Soldiers are not allowed to smoke during combat. Before and after is fine, but during is reckless. It’s like talking on the phone while driving, except you’re talking a man down from a ledge, while driving in the Le Mans Grand Prix. Most soldiers have enough on their minds not dying during combat. So the no-no governing combat-smoking only applies to a select few. I’d say you feel one of two ways about men who smoke in the midst of a gun-fight. Either: a) they offer proof of man’s ultimate de-sensitisation to violence. Or b) they’re f—ing rock stars! Kathryn Bigelow’s The Hurt Locker is for those who think b.
When Donald Rumsfeld said, “Stuff happens” what he meant was: “I don’t make mistakes”. That’s why everyone got so pissed at Rummy. It’s the arrogance of power that provokes violence in the powerless. Hubris wouldn’t be a flaw if not for other people getting screwed. But it’s tough. Power secludes. If you’re a person who commands respect, how much empathy can you have with those humiliated by your decisions? The new drama, Forgiven, shows us two hells: one caused by not admitting a mistake, and the other caused by revenge. It’s the same hell for both men. They’re each fired by pride.
There are no families in Quentin Tarantino’s world. (The little girl in Kill Bill doesn’t count, because we all know Uma Thurman’s true son was her sword.) Families require people to be unvarnished, awkward, stuffed with feeling, and inarticulate. They don’t belong in Tarantino’s single’s paradise. His movies (which are brilliant, before I go any farther) are told from a single man’s remove: assumed postures are exalted, violence is like a new suit, no-one has a home. Watching Inglourious Basterds, the first thing that hits you is the shear verve of the storytelling. The second thing (the kicker) is that no-one who dies is ever supposed to be missed.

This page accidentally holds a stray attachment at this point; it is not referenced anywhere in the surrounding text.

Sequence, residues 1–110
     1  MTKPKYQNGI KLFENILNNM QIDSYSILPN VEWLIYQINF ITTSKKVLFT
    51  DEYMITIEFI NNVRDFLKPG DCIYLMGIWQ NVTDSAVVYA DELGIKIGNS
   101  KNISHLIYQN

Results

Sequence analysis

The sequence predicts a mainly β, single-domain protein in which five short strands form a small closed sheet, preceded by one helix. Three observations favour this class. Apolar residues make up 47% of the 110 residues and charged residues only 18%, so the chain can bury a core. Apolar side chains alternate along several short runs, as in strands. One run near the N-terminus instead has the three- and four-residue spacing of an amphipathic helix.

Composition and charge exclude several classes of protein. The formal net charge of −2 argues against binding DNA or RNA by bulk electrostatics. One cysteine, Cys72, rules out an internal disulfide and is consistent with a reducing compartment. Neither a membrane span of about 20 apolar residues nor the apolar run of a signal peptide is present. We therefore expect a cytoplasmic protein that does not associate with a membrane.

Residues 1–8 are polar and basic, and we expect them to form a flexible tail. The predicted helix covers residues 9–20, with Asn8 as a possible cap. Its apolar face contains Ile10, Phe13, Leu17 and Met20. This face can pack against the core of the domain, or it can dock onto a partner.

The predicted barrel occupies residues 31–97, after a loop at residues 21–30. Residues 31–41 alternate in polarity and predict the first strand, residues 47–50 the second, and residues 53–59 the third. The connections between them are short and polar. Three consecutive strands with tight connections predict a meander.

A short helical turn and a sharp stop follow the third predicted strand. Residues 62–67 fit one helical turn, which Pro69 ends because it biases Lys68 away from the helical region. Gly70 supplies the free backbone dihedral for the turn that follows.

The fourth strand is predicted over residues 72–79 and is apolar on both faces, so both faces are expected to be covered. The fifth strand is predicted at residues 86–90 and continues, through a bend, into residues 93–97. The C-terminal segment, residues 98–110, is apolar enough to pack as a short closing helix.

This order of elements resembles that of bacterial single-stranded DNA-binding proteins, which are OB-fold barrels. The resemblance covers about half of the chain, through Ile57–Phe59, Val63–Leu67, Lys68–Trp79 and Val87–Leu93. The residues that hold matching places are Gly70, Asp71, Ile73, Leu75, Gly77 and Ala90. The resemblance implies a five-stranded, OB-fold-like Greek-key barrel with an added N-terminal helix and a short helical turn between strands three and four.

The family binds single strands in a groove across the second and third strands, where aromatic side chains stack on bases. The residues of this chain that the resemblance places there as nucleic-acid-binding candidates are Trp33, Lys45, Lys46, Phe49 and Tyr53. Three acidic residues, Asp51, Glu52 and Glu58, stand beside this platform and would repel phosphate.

Film noir is built on things that go wrong; plans are scuppered, the gun jams, love goes up in smoke. Anti-heroes don’t even have good intentions to fall back on. They’re ravenously selfish, so it’s tough arguing they don’t deserve their fate. Luckily, people don’t watch noirs to empathize with the protagonists (unless they’ve just ripped off a bank); people watch noirs to feel better about their mistakes. Take Julia, a new noir with a drunk as its heroine. She has all the control over her life that a hand-grenade has. Even as her crime sets in motion, you picture her face on the evening news. She’s alluringly doomed, like every girl in this no-luck genre.
Crime movies work on a that-looks-like-fun principle. Bank robberies look exhilarating, so they’re ok. Ditto driving a stolen car, or taking consequence-free drugs. Not having to pay taxes is obviously a big middle-class turn-on. Chain smoking without fear of opprobrium is hot stuff. We all want the veneer of being a criminal, in essence. That’s what good crime movies give us. Mesrine: Killer Instinct works because Jacques Mesrine (Vincent Cassel) only commits sexy crimes. He’s what we want in a criminal: passionate, well-dressed, electric in bed. Even when he’s shooting up a prison, he does it with élan.